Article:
How long will Williams Wall injunction last?

May, 21, 2010
5/21/10
11:34
AM ET
Pat Williams/Kevin WilliamsTom Dahlin/Getty ImagesA Minnesota judge says he will keep the suspensions of Pat Williams, left, and Kevin Williams on hold if they follow through on their plan to appeal the punishment for violating the NFL's anti-drug policy.
The Williams Wall will remain standing for as long as it pursues its lawsuit against the NFL. That's the upshot of Friday's ruling from Hennepin County (Minnesota) Judge Gary Larson, who granted an injunction to lift their four-game suspensions while they appeal their most recent legal defeat.

This ruling is more about timing than whether or not Kevin Williams and Pat Williams will ultimately serve their suspensions. The larger case has lingered for 18 months and it would be impossible to predict its shelf life. All we know is that it will move to the Minnesota state court of appeals. If the players can't overturn the case there, the next (and perhaps final?) step would be the United States Supreme Court.

With the injunction in place, the players are protected until they either win or run out of legal options. Can that all happen in the four months leading up to the regular season? I doubt anyone can predict that timing, especially if the Supreme Court becomes part of the equation. *Update See this updated post, which explains why it's almost certain both players will be eligible to play the entire 2010 season.)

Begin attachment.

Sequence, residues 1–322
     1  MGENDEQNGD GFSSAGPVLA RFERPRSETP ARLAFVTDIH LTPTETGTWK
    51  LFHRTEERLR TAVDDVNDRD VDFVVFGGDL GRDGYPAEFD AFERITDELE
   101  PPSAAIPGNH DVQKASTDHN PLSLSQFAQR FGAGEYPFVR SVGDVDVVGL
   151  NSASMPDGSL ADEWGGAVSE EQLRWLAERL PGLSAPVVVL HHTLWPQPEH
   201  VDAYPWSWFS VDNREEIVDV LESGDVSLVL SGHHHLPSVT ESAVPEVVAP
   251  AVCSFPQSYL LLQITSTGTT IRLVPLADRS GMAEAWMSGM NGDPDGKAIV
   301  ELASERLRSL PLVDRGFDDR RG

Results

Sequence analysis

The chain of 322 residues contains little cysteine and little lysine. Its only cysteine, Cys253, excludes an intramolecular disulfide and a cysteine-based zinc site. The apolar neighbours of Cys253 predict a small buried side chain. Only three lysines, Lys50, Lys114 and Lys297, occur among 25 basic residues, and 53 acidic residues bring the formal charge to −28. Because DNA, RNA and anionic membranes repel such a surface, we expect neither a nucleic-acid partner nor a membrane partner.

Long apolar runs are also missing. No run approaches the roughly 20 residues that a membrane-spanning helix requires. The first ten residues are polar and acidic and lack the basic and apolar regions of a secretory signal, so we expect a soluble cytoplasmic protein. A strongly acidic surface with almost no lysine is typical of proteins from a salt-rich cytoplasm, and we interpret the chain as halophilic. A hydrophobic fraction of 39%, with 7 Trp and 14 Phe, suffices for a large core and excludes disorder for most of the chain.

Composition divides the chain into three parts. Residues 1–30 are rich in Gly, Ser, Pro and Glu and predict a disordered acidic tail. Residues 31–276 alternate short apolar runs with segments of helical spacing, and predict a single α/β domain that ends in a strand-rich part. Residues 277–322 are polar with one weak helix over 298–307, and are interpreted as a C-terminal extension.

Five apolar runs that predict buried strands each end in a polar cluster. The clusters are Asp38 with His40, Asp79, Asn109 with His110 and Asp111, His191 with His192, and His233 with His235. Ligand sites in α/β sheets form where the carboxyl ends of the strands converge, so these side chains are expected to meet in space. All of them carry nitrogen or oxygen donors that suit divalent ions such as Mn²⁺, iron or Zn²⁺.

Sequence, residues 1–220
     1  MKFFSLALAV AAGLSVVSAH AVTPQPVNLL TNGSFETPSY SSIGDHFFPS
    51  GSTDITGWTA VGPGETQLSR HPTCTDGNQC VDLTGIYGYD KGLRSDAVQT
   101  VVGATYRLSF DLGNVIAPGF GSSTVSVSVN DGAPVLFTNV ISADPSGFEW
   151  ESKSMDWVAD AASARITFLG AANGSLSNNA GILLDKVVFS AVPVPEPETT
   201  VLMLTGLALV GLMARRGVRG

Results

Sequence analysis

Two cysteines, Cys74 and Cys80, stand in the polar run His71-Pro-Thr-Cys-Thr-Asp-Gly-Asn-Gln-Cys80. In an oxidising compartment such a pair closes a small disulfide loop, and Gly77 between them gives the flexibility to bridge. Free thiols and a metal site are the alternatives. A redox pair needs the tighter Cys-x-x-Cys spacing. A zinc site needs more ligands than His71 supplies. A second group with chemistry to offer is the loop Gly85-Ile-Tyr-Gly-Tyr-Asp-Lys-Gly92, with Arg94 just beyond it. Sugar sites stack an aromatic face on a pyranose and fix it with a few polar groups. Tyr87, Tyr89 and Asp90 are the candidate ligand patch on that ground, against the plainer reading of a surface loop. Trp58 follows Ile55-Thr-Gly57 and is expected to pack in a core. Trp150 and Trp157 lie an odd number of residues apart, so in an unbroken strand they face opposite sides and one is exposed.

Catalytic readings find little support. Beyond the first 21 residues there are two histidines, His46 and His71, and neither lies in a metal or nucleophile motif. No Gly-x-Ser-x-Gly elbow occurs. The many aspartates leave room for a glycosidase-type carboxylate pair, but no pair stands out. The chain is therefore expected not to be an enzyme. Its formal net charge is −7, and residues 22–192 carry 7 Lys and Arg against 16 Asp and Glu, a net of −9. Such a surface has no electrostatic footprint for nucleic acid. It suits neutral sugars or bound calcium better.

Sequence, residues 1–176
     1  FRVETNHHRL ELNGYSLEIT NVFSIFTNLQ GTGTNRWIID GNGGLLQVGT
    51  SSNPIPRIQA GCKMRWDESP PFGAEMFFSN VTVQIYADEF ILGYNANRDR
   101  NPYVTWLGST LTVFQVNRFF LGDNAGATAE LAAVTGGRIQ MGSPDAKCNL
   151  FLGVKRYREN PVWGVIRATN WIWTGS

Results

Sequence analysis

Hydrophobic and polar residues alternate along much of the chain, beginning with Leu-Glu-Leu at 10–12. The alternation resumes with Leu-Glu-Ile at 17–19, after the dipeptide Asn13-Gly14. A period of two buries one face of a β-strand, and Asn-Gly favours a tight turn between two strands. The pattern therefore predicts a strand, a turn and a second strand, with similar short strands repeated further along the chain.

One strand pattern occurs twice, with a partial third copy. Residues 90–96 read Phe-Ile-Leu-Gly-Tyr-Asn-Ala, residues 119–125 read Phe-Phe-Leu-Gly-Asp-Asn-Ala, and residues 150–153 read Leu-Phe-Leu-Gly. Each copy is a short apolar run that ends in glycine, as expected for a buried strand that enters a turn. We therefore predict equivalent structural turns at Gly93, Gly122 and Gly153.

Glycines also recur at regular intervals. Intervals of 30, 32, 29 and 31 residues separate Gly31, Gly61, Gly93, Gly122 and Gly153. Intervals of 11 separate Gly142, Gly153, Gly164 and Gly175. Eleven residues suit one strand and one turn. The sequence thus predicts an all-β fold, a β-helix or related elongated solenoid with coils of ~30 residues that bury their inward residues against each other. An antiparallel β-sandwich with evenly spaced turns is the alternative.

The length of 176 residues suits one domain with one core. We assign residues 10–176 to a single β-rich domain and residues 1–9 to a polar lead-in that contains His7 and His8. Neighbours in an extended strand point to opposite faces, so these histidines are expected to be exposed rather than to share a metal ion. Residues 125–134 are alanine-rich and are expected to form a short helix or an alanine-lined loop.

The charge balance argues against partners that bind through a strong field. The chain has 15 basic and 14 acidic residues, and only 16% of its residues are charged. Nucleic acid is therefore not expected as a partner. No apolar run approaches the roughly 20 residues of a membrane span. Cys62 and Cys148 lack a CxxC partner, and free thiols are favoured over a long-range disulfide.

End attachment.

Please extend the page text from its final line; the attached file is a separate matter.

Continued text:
In preparation for the possibility of Larson rejecting the players' injunction request, I had a chart all ready to go. It illustrates the 2009 frequency and success of middle runs by the first four teams the Vikings will play this season.

Because there is at least a possibility the Williams Wall will be absent for those games, I'll let you chew on the chart now. (*Update: That possibility is remote, but that's never stopped us before.) You'll notice the Miami Dolphins were one of the NFL's most frequent up-the-middle runners, while Detroit and New Orleans attempted it relatively rarely. Teams can change their approach from one year to the next, but all four of those opponents have returned the same offensive coordinator for 2010.

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